Simply adding classrooms to the high school wouldn’t work, officials said.

“No matter what you do with the classrooms, you can’t widen the hallways,” Godfrey said. “It doesn’t make gymnasiums bigger. It doesn’t make the cafeteria bigger.

With the increase in enrollment came an increased number of students with high needs, including English language learners and special education.

High school life

This year’s freshman class has about 1,180 students — far more than the 700 to 840 students each in other classes, according to figures presented to the school board.

State Representative David Arconti, D-Danbury, said the high school was packed when he graduated in 2004, but now “it’s worse.”

Hallways are generally “manageable” for the five-minute walk, but some parts of the building become too crowded depending on the directions students are moving in, Donovan said.

Students don’t have time to stop at their lockers, so they take everything with them, Chaleski said.

Most teachers also have to change classrooms, carrying their materials from one part of the building to another, Donovan said.

“Obviously, this adds a lot of stress to the faculty and all education staff because it’s difficult to accommodate large classrooms full of students,” said State Senator Julie Kushner, D- Danbury. “I think the impact on educators is dramatic.”

The high school changed from a seven-period day to an eight-period day this school year to offer more courses, because starting in the class of 2023, graduates must now earn 25 credits instead of 21.

Even still, students have had to be placed in additional study halls because there are not enough courses available, which could put them at risk of falling behind on credits.

“We’ve pretty much solved that problem, but as more and more students come to our district – at this time of year we get a small influx of students – we have to do some magic to make sure they have all the classes they need,” Donovan said.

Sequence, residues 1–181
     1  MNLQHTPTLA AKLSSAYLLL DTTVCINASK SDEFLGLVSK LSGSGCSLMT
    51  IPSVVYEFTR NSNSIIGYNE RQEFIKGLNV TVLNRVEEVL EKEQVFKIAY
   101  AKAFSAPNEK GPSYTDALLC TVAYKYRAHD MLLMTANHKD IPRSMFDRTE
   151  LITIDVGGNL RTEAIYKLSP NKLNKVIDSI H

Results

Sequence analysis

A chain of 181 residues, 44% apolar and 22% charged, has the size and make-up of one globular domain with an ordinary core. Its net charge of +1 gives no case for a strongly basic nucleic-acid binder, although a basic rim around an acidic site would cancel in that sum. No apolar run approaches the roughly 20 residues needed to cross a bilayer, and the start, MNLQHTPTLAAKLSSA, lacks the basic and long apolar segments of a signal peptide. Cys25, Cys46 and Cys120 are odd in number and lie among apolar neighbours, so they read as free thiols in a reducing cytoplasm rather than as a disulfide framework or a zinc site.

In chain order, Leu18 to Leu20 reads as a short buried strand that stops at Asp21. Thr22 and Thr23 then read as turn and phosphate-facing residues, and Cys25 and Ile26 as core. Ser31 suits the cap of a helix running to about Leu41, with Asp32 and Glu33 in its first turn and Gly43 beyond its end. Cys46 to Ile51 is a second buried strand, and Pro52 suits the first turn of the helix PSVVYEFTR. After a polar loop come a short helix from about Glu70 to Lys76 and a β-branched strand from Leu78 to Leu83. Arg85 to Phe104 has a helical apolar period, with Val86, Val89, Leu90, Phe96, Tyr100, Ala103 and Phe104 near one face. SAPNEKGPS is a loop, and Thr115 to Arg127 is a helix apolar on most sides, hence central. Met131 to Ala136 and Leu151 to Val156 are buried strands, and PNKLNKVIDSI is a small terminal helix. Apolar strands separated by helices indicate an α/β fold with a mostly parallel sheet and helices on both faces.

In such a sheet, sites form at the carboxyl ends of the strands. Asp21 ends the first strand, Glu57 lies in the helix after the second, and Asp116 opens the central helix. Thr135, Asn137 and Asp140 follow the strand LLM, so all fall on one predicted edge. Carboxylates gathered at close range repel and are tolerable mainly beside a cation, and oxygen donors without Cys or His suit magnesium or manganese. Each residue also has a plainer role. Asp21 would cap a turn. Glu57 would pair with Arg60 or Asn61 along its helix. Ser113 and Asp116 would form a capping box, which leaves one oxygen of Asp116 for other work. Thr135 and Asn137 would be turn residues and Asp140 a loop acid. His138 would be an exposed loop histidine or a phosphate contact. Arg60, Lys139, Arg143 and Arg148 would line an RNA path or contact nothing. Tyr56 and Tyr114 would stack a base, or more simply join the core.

Counselors have about 300 students each, while the recommendation is 250, Donovan said.

“It’s even considered high by many, especially with the way things are going with our students now,” he said. “Coming back from COVID, there are a lot more mental health issues happening.”

Some said they worried that the students wouldn’t be able to get individual attention. But Chaleski said teachers are strong at connecting with their students. The school also offers various programs in art, music, sports — whatever interests students, she said.

Long term solutions

The career academy is the main way the city is looking to solve the overcrowding problem. The cost of the project is estimated at $144.5 million, an increase from an initial estimate of $99 million. The state should cover 80% of the cost.

But some argued that Danbury needed to build other schools as well.

“For years I said we needed two or three more schools in Danbury,” Godfrey said.

The superintendent and the school board also discussed the matter. The city may also pursue an expansion plan for Great Plain Elementary School.

The Open Choice program, which would allow Danbury students to attend nearby suburban schools, might help a little, Chaleski said. But the program could not start for the next academic year and is only intended to serve 50 students in its pilot year.

Chaleski supports the charter school, which would eventually serve 770 students. She said it would “offer assistance not only with space, but also in bridging the achievement gap.”

Danbury must provide resources to the school to keep up with the city’s growth, Arconti said. This should be one of the factors in the ten-year master plan the city is developing, he said.

“They really need to emphasize development versus the impact it has on the school system and our city’s resources,” Arconti said.

This year’s budget cycle could also serve as a turning point. The school board requested $152 million, which would add 30.5 staff and increase local spending by 6.2%.

Esposito said he is evaluating that request and would consider increasing signups as part of that.

“I’m sorry for the mayor and sorry for the superintendent,” said state Rep. Ken Gucker, D-Danbury. “They kind of got into a ticking time bomb. None of this is their doing, but they have the ability, at least the city, to really make some tough choices.